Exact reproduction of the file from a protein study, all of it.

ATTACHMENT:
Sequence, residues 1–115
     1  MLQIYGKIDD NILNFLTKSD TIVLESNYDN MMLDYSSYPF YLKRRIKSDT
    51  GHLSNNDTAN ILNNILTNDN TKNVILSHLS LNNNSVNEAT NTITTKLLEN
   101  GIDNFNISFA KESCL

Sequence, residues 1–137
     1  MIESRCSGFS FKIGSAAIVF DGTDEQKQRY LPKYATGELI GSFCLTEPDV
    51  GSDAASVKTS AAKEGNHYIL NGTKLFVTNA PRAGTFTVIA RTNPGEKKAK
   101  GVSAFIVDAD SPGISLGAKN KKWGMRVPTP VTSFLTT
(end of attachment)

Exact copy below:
Sequence, residues 1–115
     1  MLQIYGKIDD NILNFLTKSD TIVLESNYDN MMLDYSSYPF YLKRRIKSDT
    51  GHLSNNDTAN ILNNILTNDN TKNVILSHLS LNNNSVNEAT NTITTKLLEN
   101  GIDNFNISFA KESCL

Sequence, residues 1–137
     1  MIESRCSGFS FKIGSAAIVF DGTDEQKQRY LPKYATGELI GSFCLTEPDV
    51  GSDAASVKTS AAKEGNHYIL NGTKLFVTNA PRAGTFTVIA RTNPGEKKAK
   101  GVSAFIVDAD SPGISLGAKN KKWGMRVPTP VTSFLTT